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Peer workshops help Newy teen out of ‘dark pit’


When Minnie Knight was was nine-years-old, her father was jailed and several of her remaining family members died.

Not only that, school was a struggle and she was being bullied – by the time she was 12, she found herself in what she describes as a “dark pit”.

“I used to self-harm a lot as a way to deal with all my emotions and I felt quite suicidal a lot of the time,” Miinie said.

“I didn’t know how to deal with my emotions in a healthy way.

“I just wanted the bad stuff to end, not me to end as a person. I wanted to stop the hurt, not my life.”

Now 19, the Newcastle teenager’s life is very different – she has just finished a TAFE course and is about to start a bachelor’s degree in education.

Minnie credits her turnaround to a youth mental health program that’s based on teenagers helping each other.

Youth Insearch runs weekend workshops and support groups for people aged 14-22 and operates in Queensland, NSW and Victoria.

Minnie said she was hesitant to join the workshops at first but willing to try anything to ease her depression.

“It was eye-opening,” she said.

“I realised sitting in that session room, that people actually want to listen to each other, and they want to listen to me.

“I found that hearing what other people my age had to say on ways I could cope was really nice to hear.”

The forums are run by young people who have experienced mental health problems themselves, according to Youth Insearch clinical lead Leanne Hall, and extra clinical support is also provided.

“It is a genuine peer-to-peer organisation, so our power is in the ability for young people to support other young people and create networks,” she told AAP.

“We’ve got a lot of research that says they’ll talk to a peer before they’ll talk to any health professional… they don’t trust the system, and it’s a very difficult beast to navigate.”

Minnie is one of many teenagers who have undergone Youth Insearch’s additional leadership training, and returned to lead workshops themselves.

“I see a lot of kids, teenagers,” she said.

“I felt the same as they did and, now, I’m out of that hole and I want to help them get out as well.”

Youth Insearch has helped nearly 32,000 at-risk young people and hopes to expand nationally, but ongoing funding is uncertain – it relies on philanthropy, grants and a mix of federal and state money.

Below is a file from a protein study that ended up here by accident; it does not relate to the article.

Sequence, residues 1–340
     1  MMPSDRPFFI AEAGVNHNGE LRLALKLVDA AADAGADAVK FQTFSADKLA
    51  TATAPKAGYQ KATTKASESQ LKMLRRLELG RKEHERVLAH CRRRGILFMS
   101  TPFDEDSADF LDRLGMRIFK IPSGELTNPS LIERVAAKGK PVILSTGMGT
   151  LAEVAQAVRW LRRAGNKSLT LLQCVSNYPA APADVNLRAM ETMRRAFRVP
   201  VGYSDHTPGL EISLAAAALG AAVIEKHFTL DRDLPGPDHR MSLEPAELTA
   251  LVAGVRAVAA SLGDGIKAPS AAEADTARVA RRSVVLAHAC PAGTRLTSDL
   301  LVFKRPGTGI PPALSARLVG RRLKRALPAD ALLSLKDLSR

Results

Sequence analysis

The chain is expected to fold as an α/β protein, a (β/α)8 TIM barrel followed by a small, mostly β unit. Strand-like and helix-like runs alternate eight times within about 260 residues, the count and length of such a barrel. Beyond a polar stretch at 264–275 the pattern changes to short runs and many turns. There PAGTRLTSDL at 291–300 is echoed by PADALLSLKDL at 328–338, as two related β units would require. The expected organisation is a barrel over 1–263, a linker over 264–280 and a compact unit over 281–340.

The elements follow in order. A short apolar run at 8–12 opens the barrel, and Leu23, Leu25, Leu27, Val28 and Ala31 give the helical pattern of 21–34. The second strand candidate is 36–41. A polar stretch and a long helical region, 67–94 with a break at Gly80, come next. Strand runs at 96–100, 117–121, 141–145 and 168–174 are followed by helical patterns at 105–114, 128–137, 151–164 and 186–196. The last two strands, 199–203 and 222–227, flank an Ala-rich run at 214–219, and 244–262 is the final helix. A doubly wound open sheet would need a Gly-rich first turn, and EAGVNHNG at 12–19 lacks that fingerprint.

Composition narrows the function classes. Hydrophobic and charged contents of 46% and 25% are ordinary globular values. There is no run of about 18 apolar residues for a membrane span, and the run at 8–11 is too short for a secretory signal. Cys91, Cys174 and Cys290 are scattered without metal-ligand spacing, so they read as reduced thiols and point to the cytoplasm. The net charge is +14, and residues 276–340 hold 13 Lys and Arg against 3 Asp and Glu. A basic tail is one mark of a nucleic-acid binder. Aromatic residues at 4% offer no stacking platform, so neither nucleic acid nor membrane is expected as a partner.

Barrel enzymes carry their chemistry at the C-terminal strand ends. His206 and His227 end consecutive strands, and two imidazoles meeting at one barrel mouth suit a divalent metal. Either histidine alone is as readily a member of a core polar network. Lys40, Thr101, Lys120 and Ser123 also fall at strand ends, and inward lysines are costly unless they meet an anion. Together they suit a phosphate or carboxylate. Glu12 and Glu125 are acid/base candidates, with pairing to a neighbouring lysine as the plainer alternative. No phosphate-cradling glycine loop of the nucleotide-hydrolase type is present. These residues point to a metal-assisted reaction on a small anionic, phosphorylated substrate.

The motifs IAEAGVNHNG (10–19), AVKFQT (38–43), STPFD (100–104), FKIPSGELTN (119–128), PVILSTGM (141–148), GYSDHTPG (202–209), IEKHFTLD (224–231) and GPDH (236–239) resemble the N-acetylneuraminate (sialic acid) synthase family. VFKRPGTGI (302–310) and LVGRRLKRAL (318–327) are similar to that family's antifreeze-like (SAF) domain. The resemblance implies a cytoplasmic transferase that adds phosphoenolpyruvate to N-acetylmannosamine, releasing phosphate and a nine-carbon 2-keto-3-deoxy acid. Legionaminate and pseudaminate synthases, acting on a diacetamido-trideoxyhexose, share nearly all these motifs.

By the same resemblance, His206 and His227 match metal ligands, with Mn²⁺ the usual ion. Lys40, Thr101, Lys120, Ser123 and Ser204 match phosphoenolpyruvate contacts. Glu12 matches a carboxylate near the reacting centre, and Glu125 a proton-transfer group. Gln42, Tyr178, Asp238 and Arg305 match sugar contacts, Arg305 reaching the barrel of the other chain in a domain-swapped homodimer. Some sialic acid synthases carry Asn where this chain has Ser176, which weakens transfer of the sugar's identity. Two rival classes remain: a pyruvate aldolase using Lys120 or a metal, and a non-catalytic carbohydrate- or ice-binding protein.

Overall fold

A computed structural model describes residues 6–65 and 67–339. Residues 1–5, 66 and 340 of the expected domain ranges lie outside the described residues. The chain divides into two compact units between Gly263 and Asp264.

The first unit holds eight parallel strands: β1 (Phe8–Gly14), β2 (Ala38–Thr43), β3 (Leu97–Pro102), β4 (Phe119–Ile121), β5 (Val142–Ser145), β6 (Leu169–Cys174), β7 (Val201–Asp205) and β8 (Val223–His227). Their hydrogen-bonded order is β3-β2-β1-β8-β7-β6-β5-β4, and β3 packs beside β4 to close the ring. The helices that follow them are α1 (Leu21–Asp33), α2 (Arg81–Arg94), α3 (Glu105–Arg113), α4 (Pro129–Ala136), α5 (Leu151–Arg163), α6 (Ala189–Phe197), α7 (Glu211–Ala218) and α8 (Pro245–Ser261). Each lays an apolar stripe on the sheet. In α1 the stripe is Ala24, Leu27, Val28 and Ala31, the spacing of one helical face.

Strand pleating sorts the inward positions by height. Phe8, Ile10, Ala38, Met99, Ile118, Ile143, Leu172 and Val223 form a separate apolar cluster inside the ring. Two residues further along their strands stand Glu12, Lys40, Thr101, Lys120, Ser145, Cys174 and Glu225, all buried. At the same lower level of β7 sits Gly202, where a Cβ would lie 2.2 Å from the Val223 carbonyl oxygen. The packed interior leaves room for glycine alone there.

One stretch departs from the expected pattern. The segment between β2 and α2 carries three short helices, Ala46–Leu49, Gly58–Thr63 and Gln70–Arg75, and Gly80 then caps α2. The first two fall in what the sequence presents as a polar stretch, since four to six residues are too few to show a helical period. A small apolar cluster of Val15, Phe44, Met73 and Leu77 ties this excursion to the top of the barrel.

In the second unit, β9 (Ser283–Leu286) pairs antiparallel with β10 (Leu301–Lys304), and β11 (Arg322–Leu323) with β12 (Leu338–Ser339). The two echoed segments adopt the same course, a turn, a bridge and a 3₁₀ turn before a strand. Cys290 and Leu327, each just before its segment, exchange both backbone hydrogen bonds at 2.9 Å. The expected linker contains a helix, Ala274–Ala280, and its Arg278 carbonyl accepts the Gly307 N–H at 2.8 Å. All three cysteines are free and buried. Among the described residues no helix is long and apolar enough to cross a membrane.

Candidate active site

Of the people the organisation supports, two out of three had planned to die by suicide in the past, and half had attempted suicide – but after completing its program, their risk of suicide reduces significantly.

Suicide is the leading cause of death among Australians aged 15–24, according to the Australian Institute of Health and Welfare, accounting for about a third of deaths in this age group.

According to Lifeline figures, suicidality disproportionately affects minority groups, with the LGBTIQA+ community having the highest rate of suicide.

People living in rural Australia are twice as likely to die die by suicide, while one in four young people who die by suicide are indigenous.

Youth Insearch is running an End Youth Suicide campaign, now in its fourth year, which aims to destigmatise mental health problems and save lives by encouraging people to talk about suicide.

End Youth Suicide Week begins Monday 14 February.


  • Ask them if they are thinking about suicide. Research shows that asking someone if they are thinking about suicide will not increase the likelihood that they will make an attempt.
  • Listen and validate. You don’t need to understand what they are going through, or help them ‘fix’ the problem, you just need to listen and validate their feelings.
  • Help them seek support. Offer to go with them to a counsellor, GP or other health professional.
  • Check in regularly. A regular text or call to let them know you care can help someone who is struggling feel less alone.
  • Don’t forget to look after yourself. It can be difficult supporting some one experiencing a mental health issue – it’s okay to have your own support network and reach out for help if you need to:
  • Lifeline 13 11 14
  • Kids Helpline 1800 55 1800 (for people aged 5 to 25)
  • Suicide Call Back Service 1300 659 467 or online 

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